As Angela mentioned in her lecture, the growth mindset is important to develop grit. Since students with the growth mindset don’t easily get discouraged, they tend to exponentially improve as they advance in their grades. This is why I pay extra attention to those students. Even though they might not have the highest GPA in their class right now, they have the highest potential to do so later. Students with or without the growth mindset can clearly be identified during class. When I teach the students with growth mindset, I am often amazed by the bright spirit and energy they bring to my class. When those students come across a difficult problem and fail to answer it correctly, rather than being discouraged from their failure, they ask me, “how do I solve this problem?” In other words, they have a large amount of interest in solving the problem, and they do not think that their inability to solve the problem was because they weren’t smart enough, or because they weren’t good enough. Sometimes, they even become more interested as a problem gets harder. Now, students like these are rare. And because they’re rare, they’re more noticeable.


Students without the Growth Mindset, on the other hand, have the tendency to only care about whether they were right or wrong. While they feel painfully ashamed about the fact that their answer is wrong, they have little to no interest in how to solve the problem correctly..  Sometimes, I even wonder why they’re so discouraged to that extent. I feel sorry when I see those students. Of course, I was also once a student who felt discouraged by my inability to solve a problem. However in my hindsight, after finishing a doctorate and being in the field of teaching students, it was utterly unnecessary. They’re going through a period of learning and it is not an ultimate judgement day of their lives. Instead of being obsessed with their failure, they should instead ask “why and ‘”how” and this will help overcome many more obstacles to come in their future. Thus, I try my best to help develop the growth mindset in my students when I lecture. Although it is important to improve their knowledge on a subject, in the long run, it is more important to develop the growth mindset in them. Students with the growth mindset will naturally fortify their grit as well.


If grit is one of the common factors of the successful people, you as a parent, would probably want to develop grit in your child. If you don’t know where to start, start with checking their homework. Does your child consistently put effort and finish his/her daily tasks? If your child doesn’t have such a standard yet, you can help them practice it. If the parents emphasize the work ethic on homework, the child will naturally accept that standard and start to give more effort. You don’t have to scold them or be frustrated when you don’t see immediate results because such training is a new challenge to the child. Instead, you should positively encourage them to finish their assignments and continually check on their progress. Doing so will be a good first step in building your child’s growth mindset.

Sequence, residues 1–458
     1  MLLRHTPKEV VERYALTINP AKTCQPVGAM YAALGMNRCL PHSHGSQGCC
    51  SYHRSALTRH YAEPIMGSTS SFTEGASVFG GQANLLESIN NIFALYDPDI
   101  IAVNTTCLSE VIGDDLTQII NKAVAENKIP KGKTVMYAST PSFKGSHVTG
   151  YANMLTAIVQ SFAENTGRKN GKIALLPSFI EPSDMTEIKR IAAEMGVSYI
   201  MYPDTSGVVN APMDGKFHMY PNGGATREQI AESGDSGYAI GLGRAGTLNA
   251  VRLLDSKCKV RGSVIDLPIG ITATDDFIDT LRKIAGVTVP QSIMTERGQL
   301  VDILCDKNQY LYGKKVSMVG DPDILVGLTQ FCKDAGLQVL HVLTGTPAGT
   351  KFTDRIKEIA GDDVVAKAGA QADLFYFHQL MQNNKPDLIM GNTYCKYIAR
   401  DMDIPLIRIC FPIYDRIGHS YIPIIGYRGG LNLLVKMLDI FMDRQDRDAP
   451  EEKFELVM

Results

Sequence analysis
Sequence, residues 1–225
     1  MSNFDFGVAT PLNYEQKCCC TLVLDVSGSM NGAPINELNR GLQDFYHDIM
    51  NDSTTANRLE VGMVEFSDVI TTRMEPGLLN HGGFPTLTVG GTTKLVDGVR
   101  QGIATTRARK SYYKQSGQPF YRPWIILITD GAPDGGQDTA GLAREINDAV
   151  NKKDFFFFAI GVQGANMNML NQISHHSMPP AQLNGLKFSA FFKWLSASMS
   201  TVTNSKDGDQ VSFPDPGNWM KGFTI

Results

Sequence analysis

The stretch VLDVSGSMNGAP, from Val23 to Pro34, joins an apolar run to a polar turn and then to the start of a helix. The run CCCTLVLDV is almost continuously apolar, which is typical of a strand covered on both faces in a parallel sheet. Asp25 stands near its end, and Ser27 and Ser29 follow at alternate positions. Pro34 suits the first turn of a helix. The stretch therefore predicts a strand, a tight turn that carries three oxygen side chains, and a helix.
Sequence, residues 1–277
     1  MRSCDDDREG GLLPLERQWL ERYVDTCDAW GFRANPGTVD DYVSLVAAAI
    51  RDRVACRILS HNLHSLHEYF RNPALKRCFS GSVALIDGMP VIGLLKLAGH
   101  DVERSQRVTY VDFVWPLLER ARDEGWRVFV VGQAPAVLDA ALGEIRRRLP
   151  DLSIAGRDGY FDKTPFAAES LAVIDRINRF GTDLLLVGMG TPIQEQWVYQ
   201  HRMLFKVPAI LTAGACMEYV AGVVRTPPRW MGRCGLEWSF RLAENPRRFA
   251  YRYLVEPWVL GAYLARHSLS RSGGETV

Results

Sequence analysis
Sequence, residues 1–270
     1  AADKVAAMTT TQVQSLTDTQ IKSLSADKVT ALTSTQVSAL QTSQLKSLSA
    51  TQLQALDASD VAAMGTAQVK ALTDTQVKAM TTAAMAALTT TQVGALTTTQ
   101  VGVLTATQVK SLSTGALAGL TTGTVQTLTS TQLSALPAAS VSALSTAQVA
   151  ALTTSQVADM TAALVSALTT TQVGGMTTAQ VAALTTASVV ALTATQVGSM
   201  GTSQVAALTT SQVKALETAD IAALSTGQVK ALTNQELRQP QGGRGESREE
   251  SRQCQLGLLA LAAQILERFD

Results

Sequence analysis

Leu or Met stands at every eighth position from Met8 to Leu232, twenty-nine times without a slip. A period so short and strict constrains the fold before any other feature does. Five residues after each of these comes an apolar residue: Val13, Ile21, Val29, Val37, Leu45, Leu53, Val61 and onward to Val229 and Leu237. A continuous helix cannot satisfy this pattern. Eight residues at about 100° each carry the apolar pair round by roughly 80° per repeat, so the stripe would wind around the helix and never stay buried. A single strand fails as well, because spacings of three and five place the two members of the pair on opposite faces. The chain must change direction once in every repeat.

Secret of Successful Students: Grit

What are the secrets of so-called high performing students? There is a lecture I want to introduce that has an answer to this question. This lecture also gives a good idea of what I learned to value from my own teaching experience. 


Angela Lee Duckworth, who had left her management consulting job to become a 7th grade math teacher, wondered about the common characteristics of students with high academic achievement. To find the answer, she entered graduate school and started her research on the subject. Based on the results, she presents one common feature of successful people, Grit.


“I was firmly convinced that every one of my students could learn the material if they worked hard and long enough.”

Angela briefly describes the characteristics of successful students as above. Although this part passes by very quickly in the speech, I believe this summarizes the essence of grit very well. Any student can learn and master the curriculum if they work hard and long enough. Simply put, you do it till you make it.



Of course, it is easier said than done. In reality, it is actually quite difficult to keep your hard work going for years to achieve a long-term goal. People naturally feel discouraged and often give up when faced with failure. For this reason, there is a lot of interest in how to grow resilience and grit so that we can keep ourselves spirited. One of the theories is ‘Growth Mindset’ researched by Dr. Carol Dweck from Stanford University. This theory states that one’s brain can grow and improve as it goes through various challenges. In other words, an individual’s learning capability is not innately fixed, but rather has the potential to grow as it gets exposed to many different challenges. Therefore, students, who have learned their brain capacity could expand, can accept more difficult challenges and do not easily get discouraged when encountered with failure. They believe their failure is not an invariable permanent state, but rather a chance to grow themselves.


I will discuss more about my own experience with my students regarding growth mindset and grit in another article. Until then, however, let me end this article by summarizing what I strongly believe through my teaching experience that is well-aligned with this TED speech.

Great students are great because they try until they’re great. If they’re smart, the process can be easier. If they’re not, it can be a bit harder. The most important thing is, you do it till you make it. 

In short, it’s not over until it’s over.  Never give up.



Watch Angela Duckworth's TED Talks: <Grit: The Power of Passion and Perseverance>